Tuesday, February 8, 2011

Seraphic-wise, bird-calls and the sublime...

I enjoy homework as an adult in ways I never did as a student. I truly opened to the wonderful worlds entered through the portals of "intellectual curiosity" as a grad student at Westminster Choir College. But it is as an Artistic Director of both a professional chamber chorus and a small opera company that I fully appreciate the joys of homework.

The Chorale is preparing for a program of English Cathedral Anthems (Feb 18-20; the program notes are in the post below). I am soon to begin rehearsing for Opera Roanoke's March production of Puccini's Madama Butterfly. The week in between those wonderful artistic adventures, I have a performance (as tenor soloist) of Beethoven's 9th Symphony with Symphonicity in Virginia Beach. I love it all.

Both Puccini's tragic masterpiece and the program of beautiful cathedral anthems find me returning to questions of the sublime, the transcendent and the visionary. And Beethoven's 9th is synonymous with the topic.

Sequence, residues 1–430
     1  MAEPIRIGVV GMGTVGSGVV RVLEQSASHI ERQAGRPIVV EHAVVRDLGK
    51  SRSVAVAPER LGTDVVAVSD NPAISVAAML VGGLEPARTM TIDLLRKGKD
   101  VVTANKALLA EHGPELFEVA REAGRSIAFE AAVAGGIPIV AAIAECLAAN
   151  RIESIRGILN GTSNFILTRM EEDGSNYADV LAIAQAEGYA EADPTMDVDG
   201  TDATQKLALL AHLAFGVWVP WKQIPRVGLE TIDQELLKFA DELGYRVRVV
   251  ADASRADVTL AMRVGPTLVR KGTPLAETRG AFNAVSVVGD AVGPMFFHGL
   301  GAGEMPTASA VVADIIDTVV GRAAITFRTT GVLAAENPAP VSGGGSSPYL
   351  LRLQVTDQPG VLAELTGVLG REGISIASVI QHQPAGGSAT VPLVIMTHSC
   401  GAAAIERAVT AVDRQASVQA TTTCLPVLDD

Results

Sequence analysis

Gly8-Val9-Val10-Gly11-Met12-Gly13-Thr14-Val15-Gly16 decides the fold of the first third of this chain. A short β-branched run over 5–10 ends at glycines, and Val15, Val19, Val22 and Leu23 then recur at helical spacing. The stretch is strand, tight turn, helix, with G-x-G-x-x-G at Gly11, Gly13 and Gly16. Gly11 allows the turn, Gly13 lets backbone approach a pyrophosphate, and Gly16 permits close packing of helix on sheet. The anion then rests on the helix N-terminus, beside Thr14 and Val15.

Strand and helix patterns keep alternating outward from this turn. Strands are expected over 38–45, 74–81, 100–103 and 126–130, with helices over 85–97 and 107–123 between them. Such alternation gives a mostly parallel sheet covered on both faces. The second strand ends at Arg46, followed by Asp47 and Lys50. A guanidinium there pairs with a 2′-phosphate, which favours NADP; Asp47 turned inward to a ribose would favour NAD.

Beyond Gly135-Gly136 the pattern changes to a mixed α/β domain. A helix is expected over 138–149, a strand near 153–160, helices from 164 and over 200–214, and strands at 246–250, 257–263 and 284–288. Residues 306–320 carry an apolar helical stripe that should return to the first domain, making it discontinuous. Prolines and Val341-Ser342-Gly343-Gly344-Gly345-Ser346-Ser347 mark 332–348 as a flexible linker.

The Chorale concert opens with Gerald Finzi's (20th c.) "classic" setting of an excerpt from the (17th-c.) metaphysical poet Edward Taylor's "Sacramental Meditations." It contains such memorable images as the "seraphic-wise" praise of "heart-cramping notes" in music made "more to enravish" (than merely entertain or even inspire).

God is Gone up lives in the fantastic world of the celestial vision, from those described by the ancient Fathers (like the ladder in Jacob's dream, the proverbial "stairway to heaven") to the prophets, to Christ's transfiguration and ascension. And many other (parallel) examples from ancient histories, mythologies & religions.

One of the self-imposed homework assignments I most enjoy is associative leaping. Like a frog jumping from one lilly pad to another, either to cross a stream or catch a fly, I leap from one reference to the next when learning a piece or preparing a program. I let my memory and imagination travel (from wherever I start) in an attempt to enter the world of the poet, composer and work. It's a little like background research for a project, with the obsessive-compulsiveness of a romantic diving headlong into a new relationship. I have found it an indispensable activity for my spiritual and artistic health, and it is a stimulant to intellectual curiosity. I recommend the "associative leap" to everyone who has not already discovered its endlessly fascinating possibilities for enrichment and newness.